His appeal followed a judgement by the Joint Disciplinary Tribunal, the senior watchdog for chartered accountants, in December last year that concluded James raised a false invoice for almost £240,000 and used it to support false Astra accounts in March 1986.
In this week’s hearing, James, who maintains his innocence, was seeking to quash the verdict by claiming the delay in bringing the JDS case had prejudiced the outcome of the hearing.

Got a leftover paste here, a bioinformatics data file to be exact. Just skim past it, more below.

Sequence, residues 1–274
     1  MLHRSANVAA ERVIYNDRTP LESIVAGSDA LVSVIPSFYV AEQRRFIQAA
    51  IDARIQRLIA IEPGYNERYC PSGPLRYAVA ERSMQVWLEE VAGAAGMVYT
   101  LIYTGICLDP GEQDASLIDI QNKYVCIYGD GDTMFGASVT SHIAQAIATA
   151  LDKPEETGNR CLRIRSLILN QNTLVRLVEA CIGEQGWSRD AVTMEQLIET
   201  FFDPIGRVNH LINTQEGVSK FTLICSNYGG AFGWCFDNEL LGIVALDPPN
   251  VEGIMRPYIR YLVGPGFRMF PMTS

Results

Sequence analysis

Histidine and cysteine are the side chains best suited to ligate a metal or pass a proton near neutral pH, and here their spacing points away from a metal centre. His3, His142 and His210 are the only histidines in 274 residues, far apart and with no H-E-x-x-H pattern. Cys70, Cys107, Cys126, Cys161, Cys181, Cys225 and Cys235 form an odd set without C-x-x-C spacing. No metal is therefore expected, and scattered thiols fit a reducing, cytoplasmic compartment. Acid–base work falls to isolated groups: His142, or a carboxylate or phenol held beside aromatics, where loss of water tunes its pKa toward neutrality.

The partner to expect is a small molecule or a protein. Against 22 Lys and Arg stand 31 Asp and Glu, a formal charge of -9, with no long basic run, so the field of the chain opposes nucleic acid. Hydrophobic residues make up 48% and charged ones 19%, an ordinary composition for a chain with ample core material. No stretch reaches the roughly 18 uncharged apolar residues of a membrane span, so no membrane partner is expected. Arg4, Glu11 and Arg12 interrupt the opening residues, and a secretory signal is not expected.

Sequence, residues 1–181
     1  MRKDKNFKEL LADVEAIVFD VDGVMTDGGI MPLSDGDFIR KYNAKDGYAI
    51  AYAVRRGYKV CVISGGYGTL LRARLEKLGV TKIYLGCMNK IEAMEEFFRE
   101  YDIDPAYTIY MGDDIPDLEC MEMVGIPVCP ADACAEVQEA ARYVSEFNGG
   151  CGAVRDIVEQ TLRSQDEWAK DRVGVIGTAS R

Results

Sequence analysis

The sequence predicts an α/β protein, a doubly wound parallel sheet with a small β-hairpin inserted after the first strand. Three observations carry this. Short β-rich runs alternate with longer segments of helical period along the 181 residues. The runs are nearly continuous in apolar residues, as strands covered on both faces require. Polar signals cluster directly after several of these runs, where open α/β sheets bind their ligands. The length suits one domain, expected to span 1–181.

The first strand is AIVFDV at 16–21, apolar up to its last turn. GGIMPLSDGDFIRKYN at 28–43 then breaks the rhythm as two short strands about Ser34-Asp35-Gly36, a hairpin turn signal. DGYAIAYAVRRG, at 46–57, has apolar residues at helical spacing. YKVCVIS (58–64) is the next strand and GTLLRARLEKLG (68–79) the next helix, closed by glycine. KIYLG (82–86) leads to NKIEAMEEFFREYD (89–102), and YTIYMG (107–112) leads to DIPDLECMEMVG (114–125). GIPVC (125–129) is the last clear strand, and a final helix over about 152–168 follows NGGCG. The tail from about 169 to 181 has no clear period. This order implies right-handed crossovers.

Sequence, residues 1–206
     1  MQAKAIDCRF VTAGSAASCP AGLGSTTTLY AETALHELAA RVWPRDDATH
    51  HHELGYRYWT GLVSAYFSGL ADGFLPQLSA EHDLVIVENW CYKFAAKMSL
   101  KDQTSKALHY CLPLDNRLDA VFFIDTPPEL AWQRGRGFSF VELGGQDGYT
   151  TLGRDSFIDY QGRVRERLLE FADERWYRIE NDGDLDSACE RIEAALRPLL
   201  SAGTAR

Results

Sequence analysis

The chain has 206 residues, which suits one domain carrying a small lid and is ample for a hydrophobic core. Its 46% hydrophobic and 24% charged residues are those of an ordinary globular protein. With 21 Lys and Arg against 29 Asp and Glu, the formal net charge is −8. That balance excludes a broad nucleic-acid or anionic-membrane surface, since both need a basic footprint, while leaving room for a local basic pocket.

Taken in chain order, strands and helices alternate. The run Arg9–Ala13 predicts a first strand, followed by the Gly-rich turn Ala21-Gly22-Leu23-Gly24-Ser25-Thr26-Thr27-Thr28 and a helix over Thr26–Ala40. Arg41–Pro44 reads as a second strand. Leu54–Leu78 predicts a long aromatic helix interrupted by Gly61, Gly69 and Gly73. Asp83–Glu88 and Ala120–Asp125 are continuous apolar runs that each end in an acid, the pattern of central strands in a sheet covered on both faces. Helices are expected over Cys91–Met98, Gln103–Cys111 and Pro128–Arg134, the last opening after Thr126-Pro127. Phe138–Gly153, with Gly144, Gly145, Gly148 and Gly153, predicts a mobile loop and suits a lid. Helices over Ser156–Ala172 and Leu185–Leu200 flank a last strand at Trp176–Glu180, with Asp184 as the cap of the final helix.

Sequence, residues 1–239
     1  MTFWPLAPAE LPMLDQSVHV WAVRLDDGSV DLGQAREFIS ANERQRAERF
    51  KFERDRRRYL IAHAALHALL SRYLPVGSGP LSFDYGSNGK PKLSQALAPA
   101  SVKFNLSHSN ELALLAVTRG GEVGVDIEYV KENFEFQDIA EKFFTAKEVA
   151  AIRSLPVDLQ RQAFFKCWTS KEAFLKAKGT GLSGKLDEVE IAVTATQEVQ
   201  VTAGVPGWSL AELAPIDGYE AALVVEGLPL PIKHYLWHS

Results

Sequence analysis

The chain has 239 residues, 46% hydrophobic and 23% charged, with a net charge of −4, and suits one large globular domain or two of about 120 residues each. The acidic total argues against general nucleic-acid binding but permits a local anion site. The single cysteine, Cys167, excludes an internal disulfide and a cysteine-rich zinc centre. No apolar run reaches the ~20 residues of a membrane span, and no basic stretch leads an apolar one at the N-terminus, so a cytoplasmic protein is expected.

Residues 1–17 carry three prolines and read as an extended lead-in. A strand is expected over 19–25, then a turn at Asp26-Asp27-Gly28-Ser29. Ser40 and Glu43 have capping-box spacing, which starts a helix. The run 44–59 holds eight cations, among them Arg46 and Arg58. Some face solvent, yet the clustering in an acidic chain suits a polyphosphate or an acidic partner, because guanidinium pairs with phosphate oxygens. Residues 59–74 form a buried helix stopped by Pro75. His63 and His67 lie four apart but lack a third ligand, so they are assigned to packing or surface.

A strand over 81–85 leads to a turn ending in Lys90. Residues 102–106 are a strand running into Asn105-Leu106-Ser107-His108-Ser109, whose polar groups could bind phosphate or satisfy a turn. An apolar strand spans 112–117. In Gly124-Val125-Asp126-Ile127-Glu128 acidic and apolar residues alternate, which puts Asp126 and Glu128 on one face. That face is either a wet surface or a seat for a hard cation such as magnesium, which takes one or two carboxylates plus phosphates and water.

Speculation is now growing that James, an English ICA member, will take his case to the European Court of Human Rights.
James had already been cleared by a DTI investigation and David Bean, representing James, said the tribunal should therefore not have come to an alternative decision.
A ruling on costs is still awaited.
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